In this new guest blogging series “Sound +”, Laura Haapio-Kirk will discuss why sound is important and what it means to different professionals in various “sound-focused” industries. This week, her focus is on “Sound + Technology”.
Advances in technology have completely changed the way that we create and consume sound. You only have to look at the wealth of talent on SoundCloud to see that sound is now truly a medium of expression for all. Everyone carries a microphone in their pocket in the form of their mobile and editing software is more accessible than ever.
Sound creators have an almost overwhelming array of new technology to work with. Björk’s Biophilia tour was packed with covetable technology, including the Reactable (pictured) – a tangible music maker controlled by moving objects on its surface. But it is not only experienced musicians that benefit from technological innovation. Currently in pre-production, the gTar with its light-up fretboard and iPhone dock can be picked up and played by anyone regardless of experience. In this second installment of the Sound Series videos we ask sound experts including Moby, Imogen Heap and Julian Treasure about their relationships with technology.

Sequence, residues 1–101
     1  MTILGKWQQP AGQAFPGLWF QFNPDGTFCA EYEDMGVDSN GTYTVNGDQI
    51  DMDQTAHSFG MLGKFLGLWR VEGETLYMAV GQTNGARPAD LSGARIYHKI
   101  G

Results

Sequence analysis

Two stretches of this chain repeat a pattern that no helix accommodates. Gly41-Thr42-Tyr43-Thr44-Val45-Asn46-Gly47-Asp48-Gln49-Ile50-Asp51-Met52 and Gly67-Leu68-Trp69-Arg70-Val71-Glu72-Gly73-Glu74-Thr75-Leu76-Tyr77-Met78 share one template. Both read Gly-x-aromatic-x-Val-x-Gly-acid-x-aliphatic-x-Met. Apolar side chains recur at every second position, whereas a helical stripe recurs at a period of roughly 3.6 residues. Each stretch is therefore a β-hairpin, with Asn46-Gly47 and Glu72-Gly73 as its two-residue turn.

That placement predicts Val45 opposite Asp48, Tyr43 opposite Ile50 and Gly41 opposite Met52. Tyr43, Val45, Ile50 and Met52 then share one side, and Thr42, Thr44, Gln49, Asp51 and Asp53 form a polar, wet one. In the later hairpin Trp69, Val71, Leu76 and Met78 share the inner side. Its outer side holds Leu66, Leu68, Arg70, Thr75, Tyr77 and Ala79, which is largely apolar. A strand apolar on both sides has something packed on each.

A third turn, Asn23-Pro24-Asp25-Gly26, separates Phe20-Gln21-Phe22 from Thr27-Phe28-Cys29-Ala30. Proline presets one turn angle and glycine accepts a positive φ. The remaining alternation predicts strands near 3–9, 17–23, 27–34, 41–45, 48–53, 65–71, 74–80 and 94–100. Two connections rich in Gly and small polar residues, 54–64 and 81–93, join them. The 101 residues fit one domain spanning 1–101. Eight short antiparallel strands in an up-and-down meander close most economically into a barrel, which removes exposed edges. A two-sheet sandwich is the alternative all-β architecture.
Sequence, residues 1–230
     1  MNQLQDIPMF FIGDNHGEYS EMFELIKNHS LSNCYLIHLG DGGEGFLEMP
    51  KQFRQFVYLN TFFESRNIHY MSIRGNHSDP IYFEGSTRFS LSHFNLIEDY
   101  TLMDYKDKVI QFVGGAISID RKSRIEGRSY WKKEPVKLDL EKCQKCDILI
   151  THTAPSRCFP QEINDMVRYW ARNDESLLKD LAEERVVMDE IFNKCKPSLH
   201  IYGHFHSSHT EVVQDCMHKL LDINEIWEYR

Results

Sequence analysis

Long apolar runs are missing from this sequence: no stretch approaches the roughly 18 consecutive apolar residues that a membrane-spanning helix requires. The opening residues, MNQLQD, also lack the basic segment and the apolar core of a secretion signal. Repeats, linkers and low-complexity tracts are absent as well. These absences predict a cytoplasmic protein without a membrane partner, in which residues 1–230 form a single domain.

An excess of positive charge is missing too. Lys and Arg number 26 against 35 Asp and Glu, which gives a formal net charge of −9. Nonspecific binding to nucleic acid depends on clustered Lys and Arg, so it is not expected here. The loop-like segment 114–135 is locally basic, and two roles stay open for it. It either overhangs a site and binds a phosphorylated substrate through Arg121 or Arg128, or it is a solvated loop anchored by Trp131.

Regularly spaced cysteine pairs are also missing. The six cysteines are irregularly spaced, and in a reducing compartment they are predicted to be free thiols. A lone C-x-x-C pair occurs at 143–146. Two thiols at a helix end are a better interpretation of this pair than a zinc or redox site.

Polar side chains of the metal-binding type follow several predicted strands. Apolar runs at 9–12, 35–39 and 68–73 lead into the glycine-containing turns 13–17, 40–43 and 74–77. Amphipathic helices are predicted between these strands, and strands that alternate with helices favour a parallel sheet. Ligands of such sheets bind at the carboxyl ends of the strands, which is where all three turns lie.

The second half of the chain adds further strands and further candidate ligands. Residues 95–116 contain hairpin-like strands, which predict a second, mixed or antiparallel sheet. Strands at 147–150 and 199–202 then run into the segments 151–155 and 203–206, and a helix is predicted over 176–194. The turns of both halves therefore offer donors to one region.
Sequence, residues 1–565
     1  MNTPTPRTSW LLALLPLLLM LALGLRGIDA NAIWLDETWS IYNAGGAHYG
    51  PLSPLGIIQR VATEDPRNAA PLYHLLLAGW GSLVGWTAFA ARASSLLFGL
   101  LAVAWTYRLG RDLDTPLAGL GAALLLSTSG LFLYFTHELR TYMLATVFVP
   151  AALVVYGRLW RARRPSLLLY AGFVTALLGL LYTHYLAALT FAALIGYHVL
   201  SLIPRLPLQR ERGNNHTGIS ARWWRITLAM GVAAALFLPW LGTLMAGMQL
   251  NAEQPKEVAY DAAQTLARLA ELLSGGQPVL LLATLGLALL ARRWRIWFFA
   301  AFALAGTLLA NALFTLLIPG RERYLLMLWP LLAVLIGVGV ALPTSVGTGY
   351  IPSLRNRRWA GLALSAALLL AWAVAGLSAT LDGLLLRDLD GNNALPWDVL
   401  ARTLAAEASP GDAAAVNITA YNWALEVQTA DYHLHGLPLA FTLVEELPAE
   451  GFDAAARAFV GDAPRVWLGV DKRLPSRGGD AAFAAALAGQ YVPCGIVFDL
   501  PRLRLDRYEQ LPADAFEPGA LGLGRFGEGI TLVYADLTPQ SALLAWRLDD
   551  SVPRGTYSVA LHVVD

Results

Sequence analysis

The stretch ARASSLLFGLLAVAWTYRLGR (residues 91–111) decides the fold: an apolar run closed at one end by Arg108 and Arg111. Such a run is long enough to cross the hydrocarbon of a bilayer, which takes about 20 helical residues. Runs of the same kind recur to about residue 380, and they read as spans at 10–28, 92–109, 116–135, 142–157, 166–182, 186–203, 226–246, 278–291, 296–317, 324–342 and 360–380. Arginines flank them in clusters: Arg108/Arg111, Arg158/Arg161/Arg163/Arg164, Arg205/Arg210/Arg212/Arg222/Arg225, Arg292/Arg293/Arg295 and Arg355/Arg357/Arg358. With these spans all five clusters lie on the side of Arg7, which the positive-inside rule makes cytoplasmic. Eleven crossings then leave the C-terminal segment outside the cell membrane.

A fascinating form of sound technology that has been about for over 100 years but has recently experienced a resurgence is binaural recording. Sounds are recorded using microphones arranged so as to produce 3D renderings of a soundscape. Listening to a binaural recording immerses you in an environment built of sound. Jon McLeod is a London-based playwright and sound designer whose most recent play, titled ‘Organs of Little Apparent Importance’, puts the audience inside the head of the main character. Listen to Jon talk about binaural recording and how it can add a new dimension to theatre. The clip is accompanied by binaural sounds recorded by Jon and a trailer for the play. If you have ever been to an English seaside town you may recognise some of the distinctive soundscapes! Headphones recommended for the true binaural experience.
I recently went to Music Hack Paris, organised by the Google Cultural Institute and Joshfire. It was an intense weekend of hacking, jamming and impressive innovation! One of the participants, Bruno Verbrugghe, was there with a new invention called the Dualo – an accordion-like instrument designed with a completely new key layout to make learning and playing music easier. Here is Bruno discussing the instrument and how technology can free us from traditional constraints.
I also spoke with Nicholas Charriere about his project – a fun app for musical collaboration with friends called Friendly Loops. Hear more about the project and how technology and sound bring people together.
This is an exciting time to be working with sound simply because of the sheer amount of innovation in technology. There’s no excuse not to share your own sounds on SoundCloud!
Thanks to all interviewed! Also to Steren Giannini at Joshfire and other participants of Music Hack Paris whose sounds are featured.